"dartmouth college" Discussed on Scientific Sense
"Welcome to the site of accents. Podcast where we explore emerging ideas from science policy economics and technology. My name is jill eappen. We talk with wolves leading academics and experts about the recent research or generally of topical interest scientific senses at unstructured conversation with no agenda or preparation. Be color a wide variety of domains. Rare new discoveries are made and new technologies are developed on a daily basis the most interested in how new ideas affect society and help educate the world how to pursue rewarding and enjoyable.
Study: Rates of Anxiety and Depression Among College Students Continue to Soar
"Story out of lebanon new hampshire which includes the dartmouth college very high end college. That did a study on some of their own students that found that two hundred and seventeen students were tracked when they entered the school as freshmen in two thousand seventeen in the hopes of understanding how they behave students stress levels rise and fall usually in tandem with midterm and final exams but since the onset of the pandemic quote unquote rates of depression and anxiety have soared and show no signs of coming down. Said andrew campbell researcher and computer science professor. The research points to how the public health crisis they say is affecting young people and raises questions about what will be done to support them a group that struggled disproportionately with mental health issues for years before the pandemic set in the question is how long will they stay like. This said the researcher. The findings also added a growing body of research that or to a growing body of research that indicate the effects of the corona virus have extended beyond physical health and safety particularly as people deal with social isolation grief unemployment and uncertainty about the future.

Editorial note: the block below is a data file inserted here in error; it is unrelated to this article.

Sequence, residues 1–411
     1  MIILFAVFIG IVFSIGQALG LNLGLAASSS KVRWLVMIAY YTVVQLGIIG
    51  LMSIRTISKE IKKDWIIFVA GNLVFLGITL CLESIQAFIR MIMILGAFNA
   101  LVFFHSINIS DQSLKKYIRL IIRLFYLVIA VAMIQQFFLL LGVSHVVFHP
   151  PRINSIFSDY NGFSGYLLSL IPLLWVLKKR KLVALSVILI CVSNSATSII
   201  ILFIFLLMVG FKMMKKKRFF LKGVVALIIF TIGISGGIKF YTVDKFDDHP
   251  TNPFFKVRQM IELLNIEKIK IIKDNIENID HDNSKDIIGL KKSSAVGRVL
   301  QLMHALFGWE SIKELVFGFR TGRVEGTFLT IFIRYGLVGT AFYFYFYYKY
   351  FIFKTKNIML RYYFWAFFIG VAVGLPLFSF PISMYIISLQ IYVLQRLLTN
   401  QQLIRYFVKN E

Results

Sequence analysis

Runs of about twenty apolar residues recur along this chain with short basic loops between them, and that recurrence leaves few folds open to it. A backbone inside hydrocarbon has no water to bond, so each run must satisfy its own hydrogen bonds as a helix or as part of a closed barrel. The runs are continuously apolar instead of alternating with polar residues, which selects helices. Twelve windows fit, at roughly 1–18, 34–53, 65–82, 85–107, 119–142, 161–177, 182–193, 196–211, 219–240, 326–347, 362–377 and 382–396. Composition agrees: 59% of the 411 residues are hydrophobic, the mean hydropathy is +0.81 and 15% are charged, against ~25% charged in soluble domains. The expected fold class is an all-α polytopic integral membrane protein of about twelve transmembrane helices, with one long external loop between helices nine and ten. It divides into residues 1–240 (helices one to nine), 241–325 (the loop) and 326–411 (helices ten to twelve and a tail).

"dartmouth college" Discussed on Scientific Sense